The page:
North Korea delivered weapons to Russia's Wagner mercenaries, U.S. says
North Korea has delivered rockets and missiles to the Russian private military company known as the Wagner Group for use in Ukraine, according to White House National Security Council spokesperson John Kirby.
“Today we can confirm that North Korea has completed an initial arms delivery to Wagner, which paid for that equipment. Last month, North Korea delivered infantry rockets and missiles into Russia for use by Wagner,” he said Thursday.
Yevgeny Prigozhin, the founder of Wagner Group, has close ties to Russian President Vladimir Putin, and earned the nickname “Putin’s chef” after making millions from catering contracts for the military and state institutions. His mercenary group now has an estimated 50,000 fighters in Ukraine and is “emerging as a rival power center to the Russian military and other Russian ministries,” Kirby said, adding that in some cases Russian troops are serving as subordinates to Wagner commanders.
“Wagner is on the ground playing a significant role there where its ill-equipped and ill-trained forces are, quite frankly, suffering heavy casualties. It seems as though Mr. Prigozhin is willing to just throw Russian bodies into the meat grinder in Bakhmut,” Kirby said.
The group’s mercenaries have been involved in some of the most intense fighting in Bakhmut, he said, where about 1,000 fighters have been killed in recent weeks.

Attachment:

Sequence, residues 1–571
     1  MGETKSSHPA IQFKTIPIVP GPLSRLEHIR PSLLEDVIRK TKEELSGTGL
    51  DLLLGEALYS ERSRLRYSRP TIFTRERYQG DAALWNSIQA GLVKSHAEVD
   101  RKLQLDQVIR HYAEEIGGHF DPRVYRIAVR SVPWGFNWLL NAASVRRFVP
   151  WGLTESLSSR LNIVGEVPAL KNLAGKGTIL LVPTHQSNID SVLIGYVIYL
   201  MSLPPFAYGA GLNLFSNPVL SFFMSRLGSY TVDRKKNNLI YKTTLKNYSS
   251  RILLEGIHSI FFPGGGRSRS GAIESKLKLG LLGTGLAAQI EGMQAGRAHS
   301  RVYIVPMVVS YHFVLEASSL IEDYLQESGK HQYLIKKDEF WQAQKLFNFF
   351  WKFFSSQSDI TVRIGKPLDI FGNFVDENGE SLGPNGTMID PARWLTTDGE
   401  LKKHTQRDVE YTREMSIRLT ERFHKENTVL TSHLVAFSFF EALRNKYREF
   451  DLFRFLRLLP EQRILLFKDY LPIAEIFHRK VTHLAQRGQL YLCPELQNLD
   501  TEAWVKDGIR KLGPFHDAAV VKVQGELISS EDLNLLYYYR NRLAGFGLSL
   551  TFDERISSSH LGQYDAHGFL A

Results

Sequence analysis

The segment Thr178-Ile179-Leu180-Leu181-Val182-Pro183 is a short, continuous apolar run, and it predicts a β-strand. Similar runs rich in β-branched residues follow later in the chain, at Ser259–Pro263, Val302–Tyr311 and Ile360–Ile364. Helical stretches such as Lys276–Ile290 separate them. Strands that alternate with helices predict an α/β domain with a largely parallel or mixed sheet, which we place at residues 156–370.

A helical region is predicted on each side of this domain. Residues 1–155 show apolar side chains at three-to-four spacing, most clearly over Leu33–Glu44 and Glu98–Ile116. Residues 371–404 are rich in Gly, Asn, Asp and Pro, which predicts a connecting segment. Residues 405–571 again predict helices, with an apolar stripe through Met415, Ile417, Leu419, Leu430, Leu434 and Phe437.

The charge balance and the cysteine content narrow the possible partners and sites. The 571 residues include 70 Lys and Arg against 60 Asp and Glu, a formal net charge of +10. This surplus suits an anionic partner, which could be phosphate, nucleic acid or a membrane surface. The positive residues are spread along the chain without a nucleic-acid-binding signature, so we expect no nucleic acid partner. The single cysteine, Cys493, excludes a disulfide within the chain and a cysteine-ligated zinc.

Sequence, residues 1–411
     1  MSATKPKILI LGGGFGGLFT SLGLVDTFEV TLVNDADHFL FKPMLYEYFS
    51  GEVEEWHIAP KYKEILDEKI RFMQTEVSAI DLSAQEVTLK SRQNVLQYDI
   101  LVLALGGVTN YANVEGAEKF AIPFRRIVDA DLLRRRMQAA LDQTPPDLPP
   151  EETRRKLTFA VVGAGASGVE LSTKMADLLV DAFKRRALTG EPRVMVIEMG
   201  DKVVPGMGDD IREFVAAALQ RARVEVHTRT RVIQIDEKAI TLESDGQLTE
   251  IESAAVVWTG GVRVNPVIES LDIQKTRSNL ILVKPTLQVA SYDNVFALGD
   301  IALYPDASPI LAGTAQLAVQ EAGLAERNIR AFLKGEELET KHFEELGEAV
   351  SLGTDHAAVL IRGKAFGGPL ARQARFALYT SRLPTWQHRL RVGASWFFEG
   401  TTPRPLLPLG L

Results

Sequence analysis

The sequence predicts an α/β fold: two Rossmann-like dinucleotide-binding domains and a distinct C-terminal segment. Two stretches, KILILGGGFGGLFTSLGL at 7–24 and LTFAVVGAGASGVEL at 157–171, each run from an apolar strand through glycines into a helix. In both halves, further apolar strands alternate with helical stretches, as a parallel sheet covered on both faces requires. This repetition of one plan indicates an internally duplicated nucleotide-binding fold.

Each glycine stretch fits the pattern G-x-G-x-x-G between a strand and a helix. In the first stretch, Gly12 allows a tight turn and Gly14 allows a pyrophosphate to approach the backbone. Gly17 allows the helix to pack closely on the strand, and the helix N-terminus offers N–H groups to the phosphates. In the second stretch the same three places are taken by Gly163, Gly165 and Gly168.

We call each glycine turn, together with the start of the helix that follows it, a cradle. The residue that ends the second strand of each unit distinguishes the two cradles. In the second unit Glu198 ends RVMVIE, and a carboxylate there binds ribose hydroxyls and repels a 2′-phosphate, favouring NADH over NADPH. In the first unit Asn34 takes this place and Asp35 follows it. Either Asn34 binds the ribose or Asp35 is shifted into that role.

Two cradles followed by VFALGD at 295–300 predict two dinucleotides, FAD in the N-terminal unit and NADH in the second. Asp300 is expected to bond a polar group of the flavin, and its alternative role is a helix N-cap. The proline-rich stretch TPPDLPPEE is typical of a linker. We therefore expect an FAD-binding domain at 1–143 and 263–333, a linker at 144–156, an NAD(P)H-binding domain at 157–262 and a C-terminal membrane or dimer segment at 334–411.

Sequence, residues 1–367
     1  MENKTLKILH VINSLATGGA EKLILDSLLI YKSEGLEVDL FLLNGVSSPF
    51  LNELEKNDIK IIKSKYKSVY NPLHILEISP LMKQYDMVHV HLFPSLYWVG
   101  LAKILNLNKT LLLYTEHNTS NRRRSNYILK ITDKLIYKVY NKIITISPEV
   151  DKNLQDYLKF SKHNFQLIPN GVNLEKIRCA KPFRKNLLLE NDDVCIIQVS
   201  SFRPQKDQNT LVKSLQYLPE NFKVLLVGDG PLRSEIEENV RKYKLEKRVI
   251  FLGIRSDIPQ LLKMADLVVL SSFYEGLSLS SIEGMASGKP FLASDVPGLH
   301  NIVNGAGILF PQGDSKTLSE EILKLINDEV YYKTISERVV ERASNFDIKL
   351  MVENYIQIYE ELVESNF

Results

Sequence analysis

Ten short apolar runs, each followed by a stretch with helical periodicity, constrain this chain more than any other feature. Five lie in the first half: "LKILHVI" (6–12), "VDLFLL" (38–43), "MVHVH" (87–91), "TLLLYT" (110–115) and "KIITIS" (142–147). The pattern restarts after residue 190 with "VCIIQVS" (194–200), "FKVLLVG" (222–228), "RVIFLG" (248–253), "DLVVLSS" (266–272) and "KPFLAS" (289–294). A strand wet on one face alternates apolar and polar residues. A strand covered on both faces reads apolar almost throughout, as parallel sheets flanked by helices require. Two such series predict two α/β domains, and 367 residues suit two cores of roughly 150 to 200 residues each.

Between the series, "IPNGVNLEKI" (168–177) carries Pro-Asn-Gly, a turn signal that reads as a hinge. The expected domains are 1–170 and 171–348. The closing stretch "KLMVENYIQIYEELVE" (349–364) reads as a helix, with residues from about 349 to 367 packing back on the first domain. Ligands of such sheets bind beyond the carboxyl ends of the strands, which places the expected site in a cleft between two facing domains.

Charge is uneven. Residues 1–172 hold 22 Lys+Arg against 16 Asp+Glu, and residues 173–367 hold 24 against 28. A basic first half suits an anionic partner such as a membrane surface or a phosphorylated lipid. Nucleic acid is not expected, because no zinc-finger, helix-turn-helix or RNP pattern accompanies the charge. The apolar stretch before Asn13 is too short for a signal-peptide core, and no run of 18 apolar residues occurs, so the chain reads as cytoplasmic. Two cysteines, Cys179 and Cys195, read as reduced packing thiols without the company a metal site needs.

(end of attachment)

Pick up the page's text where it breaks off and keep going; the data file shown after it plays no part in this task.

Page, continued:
Kirby said Wagner is struggling to recruits fighters and has turned to recruiting convicts, with even Prigozhin himself traveling to Russian prisons to bring in more recruits. About 40,000 of the Wagner personnel in Ukraine are now believed to be convicts, he said.
He also said that while the U.S. does not believe the amount of material delivered to Wagner will change the battlefield dynamics in Ukraine, “we are certainly concerned that North Korea is planning to deliver more military equipment.”
Early last month, Kirby told reporters that Pyongyang has been covertly supplying a “significant number” of artillery shells to the Russian government for use in Ukraine and that the North Koreans were trying to obscure the destination of the shipments by funneling them through countries in the Middle East and North Africa. At the time, he said none of the shipments had been received. On Thursday, Kirby said the U.S. believes the shipment was to Wagner.
This week, the Biden administration designated Wagner as a military end user, which makes it more difficult for it to buy equipment that is based on U.S. technology or production. Wagner is reaching out around the world to supply itself and the U.S. is trying to stop it by restricting its procurement lifelines. There are likely to be more actions, like sanctions, taken against the Wagner Group in the coming days, Kirby said.
Prighozin has been sanctioned by the U.S., the European Union and the United Kingdom.
After the White House said North Korea had supplied arms to the Wagner Group, British Foreign Secretary James Cleverly said, “The U.K. supports the U.S. assessment that North Korea has completed an arms delivery to Russia for use by the Wagner Group, which paid for this equipment and has thousands of troops in Ukraine. This is a clear breach of U.N. Security Council resolutions. The fact that President Putin is turning to North Korea for help is a sign of Russia’s desperation and isolation.”
Wagner is spending more than $100 million per month on the war in Ukraine.
This article was originally published on NBCNews.com